Brazilian Auto Industry | Beemers Built in Blumenau?

It is not by accident that the Brazilian automobile sector has been the showcase of industrial policy under a president whose political career emerged from the auto workers unions of the São Paulo metropolitan area.

It is no surprise, either, that FIESP president Paulo Skaf — the Industrial Federation of São Paulo State — is endorsing the PT’s candidate for mayor, Fernando Haddad.  This here is not Venezuela. Corporate interests have enjoyed a seat at the table from the get go.

In contrast with other sectors — telecommunications, media, agribusiness, logistics —  the auto market already seems more modern, diverse and competitive and has attracted foreign investment to manufacturing for Brazil’s promising internal market.

Stuck in the city’s legendary traffic jams, you can bide the time birdwatching the economy models of U.S. and European brands — Citroen, Renault, Mercedes, Fiat, VW —  as well as Asian vehicles — the recently launched Chery of China, Honda, Toyota, Kia, Nissan.

Source: Estadão Conteudo, via Yahoo! Notícias.

On Friday, October 20,  BMW announced through its press office that its Brazilian president, Henning Dornbusch, will meet with President Dilma on Monday to formalize the company’s plan to build a factory in Brazil and to announce its location.

BMW has intended to build vehicles in Brazil for some time now — an intention bolstered by the new regulatory scheme for the industry, known as Inovar Auto, which will take effect in 2013. Continue reading

French Connection | A Note on the Sugarcane Sector

Source: Bloomberg|EXAME

How about this for a lede graf: «As Brazil’s sugarcane sector consolidates and traditional family-owned sugarcane groups face extinction, fuel- and industrial-grade ethanol producers and processors diversify products though biochemistry».

This is a sector I have not regularly followed for a year or two, so caveat lector.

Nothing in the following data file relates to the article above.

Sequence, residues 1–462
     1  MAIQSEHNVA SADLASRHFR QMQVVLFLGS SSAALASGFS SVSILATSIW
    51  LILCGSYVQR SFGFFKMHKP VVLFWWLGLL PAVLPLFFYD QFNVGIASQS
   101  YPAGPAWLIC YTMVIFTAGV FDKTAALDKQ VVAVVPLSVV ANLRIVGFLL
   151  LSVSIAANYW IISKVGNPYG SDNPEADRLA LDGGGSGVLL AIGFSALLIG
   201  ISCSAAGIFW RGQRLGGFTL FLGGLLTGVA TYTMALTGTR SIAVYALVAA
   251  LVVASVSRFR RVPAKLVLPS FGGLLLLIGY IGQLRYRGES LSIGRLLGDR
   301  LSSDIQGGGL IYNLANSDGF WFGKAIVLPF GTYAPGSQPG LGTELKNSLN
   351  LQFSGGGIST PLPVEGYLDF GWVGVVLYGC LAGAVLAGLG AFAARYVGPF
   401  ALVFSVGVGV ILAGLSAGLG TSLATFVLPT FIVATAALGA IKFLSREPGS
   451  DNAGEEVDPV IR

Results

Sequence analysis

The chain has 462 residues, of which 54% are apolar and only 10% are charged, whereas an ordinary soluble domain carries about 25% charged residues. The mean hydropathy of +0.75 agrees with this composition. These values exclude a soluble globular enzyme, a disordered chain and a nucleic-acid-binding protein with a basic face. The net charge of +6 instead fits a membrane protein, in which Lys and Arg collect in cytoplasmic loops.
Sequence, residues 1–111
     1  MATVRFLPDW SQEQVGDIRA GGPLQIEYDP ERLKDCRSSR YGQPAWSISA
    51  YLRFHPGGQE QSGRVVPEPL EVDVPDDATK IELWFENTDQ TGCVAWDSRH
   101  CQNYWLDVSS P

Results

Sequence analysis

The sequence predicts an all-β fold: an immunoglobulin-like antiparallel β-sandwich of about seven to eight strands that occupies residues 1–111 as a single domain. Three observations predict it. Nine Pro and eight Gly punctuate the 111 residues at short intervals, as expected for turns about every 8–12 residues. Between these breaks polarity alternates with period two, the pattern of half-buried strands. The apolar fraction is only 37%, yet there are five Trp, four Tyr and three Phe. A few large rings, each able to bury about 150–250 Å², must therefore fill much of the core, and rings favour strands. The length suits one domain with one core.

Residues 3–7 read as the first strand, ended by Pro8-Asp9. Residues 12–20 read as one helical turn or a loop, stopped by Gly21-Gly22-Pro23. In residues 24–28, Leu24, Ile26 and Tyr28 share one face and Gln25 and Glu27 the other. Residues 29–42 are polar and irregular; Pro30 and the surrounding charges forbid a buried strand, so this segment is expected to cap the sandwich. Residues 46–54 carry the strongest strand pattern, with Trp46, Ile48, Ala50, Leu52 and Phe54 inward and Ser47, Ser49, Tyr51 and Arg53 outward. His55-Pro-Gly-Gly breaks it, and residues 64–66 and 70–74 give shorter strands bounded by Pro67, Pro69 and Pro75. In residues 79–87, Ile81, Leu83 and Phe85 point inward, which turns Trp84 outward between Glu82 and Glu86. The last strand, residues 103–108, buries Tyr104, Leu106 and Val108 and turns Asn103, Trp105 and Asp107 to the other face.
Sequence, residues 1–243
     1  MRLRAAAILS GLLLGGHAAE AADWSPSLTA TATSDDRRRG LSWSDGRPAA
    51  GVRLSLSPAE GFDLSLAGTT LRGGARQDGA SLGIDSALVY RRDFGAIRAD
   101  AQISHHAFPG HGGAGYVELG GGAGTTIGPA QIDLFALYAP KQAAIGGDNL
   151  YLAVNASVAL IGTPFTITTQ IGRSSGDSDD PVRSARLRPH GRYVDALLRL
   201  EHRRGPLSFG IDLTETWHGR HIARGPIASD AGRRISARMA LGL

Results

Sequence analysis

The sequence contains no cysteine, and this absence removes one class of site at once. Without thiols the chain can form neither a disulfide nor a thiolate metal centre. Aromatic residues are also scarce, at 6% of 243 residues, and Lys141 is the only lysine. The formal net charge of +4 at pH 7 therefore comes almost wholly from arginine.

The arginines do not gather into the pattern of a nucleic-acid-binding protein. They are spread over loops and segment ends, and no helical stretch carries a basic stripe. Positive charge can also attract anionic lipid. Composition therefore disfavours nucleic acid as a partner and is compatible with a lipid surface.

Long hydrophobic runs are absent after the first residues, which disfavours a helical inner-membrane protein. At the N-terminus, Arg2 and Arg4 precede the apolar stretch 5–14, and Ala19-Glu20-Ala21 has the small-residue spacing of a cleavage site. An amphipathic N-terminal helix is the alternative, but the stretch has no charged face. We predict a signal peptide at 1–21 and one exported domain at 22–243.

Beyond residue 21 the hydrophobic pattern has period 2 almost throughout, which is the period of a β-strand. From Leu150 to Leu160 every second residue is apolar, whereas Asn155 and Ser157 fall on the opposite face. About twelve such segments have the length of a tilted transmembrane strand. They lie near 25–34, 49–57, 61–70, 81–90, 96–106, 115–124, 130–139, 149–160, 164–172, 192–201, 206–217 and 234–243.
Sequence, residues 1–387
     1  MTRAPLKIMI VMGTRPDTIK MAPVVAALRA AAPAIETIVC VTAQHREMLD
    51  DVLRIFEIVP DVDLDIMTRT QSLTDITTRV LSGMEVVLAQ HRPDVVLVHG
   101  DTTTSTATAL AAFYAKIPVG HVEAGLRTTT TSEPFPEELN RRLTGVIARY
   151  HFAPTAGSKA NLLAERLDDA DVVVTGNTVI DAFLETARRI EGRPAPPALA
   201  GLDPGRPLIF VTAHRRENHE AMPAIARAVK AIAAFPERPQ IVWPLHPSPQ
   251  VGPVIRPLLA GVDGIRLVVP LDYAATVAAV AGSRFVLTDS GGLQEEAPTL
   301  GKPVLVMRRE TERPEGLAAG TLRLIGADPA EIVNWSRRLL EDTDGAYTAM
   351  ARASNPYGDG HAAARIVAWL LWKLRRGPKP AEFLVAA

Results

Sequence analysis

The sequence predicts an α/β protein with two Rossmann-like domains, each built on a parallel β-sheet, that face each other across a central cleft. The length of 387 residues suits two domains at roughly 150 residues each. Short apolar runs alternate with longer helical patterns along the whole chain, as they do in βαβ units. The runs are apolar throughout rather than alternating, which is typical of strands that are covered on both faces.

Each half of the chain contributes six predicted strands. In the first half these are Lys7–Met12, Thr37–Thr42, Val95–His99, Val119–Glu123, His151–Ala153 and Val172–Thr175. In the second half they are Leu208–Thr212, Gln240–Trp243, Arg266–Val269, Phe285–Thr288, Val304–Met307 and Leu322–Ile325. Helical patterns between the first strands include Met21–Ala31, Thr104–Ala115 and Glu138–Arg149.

First, sugarcane miller and federal legislator João Lyra of Alagoas is pressured by creditors and is working to avoid the bankruptcy of his group — reported by Tatiana BAUTZER of ISTOÉ Dinheiro.

Second, several major sugarcane processors build capacity to diversify their by-products.

At 82, the richest sugarmill owner and  federal legislator ( PSD-AL) faces a legal tempest in a bid to retain control of his sugar and alcohol business. In late September, a state court declared the bankruptcy of Laginha Agro Industrial, which controls five processing plants — three in Alagoas and two in Minas Gerais. The group had been in reorganization since 2009 and has debts of R$1.2 billion. A batallion of lawyers, however, managed to overturn the ruling, alleging bias on the part of judge Marcelo Tadeu, who transformed the reorganization into a bankruptcy.

Continue reading

BINGOs e Broncas | Kátia, Camila e a Lei da Floresta

Recomendo o artigo por Simon Romero do New York Times sobre a Lei Florestal.

Diferentemente do trabalho do antigo correspondente principal no País, Larry Rohter, o Romero parece buscar ouvir uma amostra mais ampla de vozes para ilustrar o conflito social, citando outras reportagens boas como as do jornal Valor Econômico.

Pode-se até dizer que a Dama Grisalha — alcunha carinhosa do secular diário — oferece melhor cobertura do que a imprensa nacional. Mas vou deixar aquele juízo para vocês.

O que me interessava em particular foi o retrato dos ruralistas no Congresso, liderados pela poderosa Kátia Abréu. Ela é a única legislador ou legisladora que conheço que chefia o lobby que pretende convencer os congressistas. Parece que recebe dois salários, o público e o privado, mas ainda não tenho certeza disso.

De qualquer jeito, segundo Romero, a Kátia está dando coices a várias BINGOs — sigla em inglês para «grandes ONGs internacionais».

«Há ONGs no mundo comprometido com os paises de origem, especialmente de Europa,“ ela disse, referindo-se as organizações não-governamentais e descrevendos suas atividades como «uma tentativa de paralisar o crescimento do setor agricultural brasileiro. [ …]

Ainda outras vozes brasileias de destaque estão cantando a mesma ladainha … e raiva contra o projeto de lei já transbordou na consciência popular. Falando pela indústria de entretenimento, a atriz Camila Pitanga quebrou o protocolo em um evento nesse mes, chamando a Dilma, que estava presente, a vetar o PL. O video do seu discurso espalhou-se rapidamente nas mídias sociais.

Eu gostaria saber quais as ONGs internacionais apontadas como indevidamente intrometidas. Me lembro de ouvir a mesma crítica contra a Marina Silva.

E tenho a impressão — por minha leitura do blog de César Maia de vez em quando  — de que os DEM têm laços estreitos com ONGs como a Fundação Adenauer. …

Será que o discurso neonacionalista vai pegar no tranco?

ALL & Cosan | The Sugar Cane Train

Brasil Econômico reports on movements in the Brazilian in the invariably compelling sugarcane industry, dominated by dark horse Coopersucar and odds-on favorite Cosan.

Fitch Ratings has today — 24 Janurary — reaffirmed the rating assigned to Cosan, and Cosan subsidiaries Cosan Combustíveis e Lubrificantes; Cosan Overseas Limited; Cosan Lubrificantes e Especialidades; CCL Finance Limited; and Cosan Finance Limited should be affected by the agreement under which railroad concessionaire América Latina Logística (ALL) will buy shares in the company.

Continue reading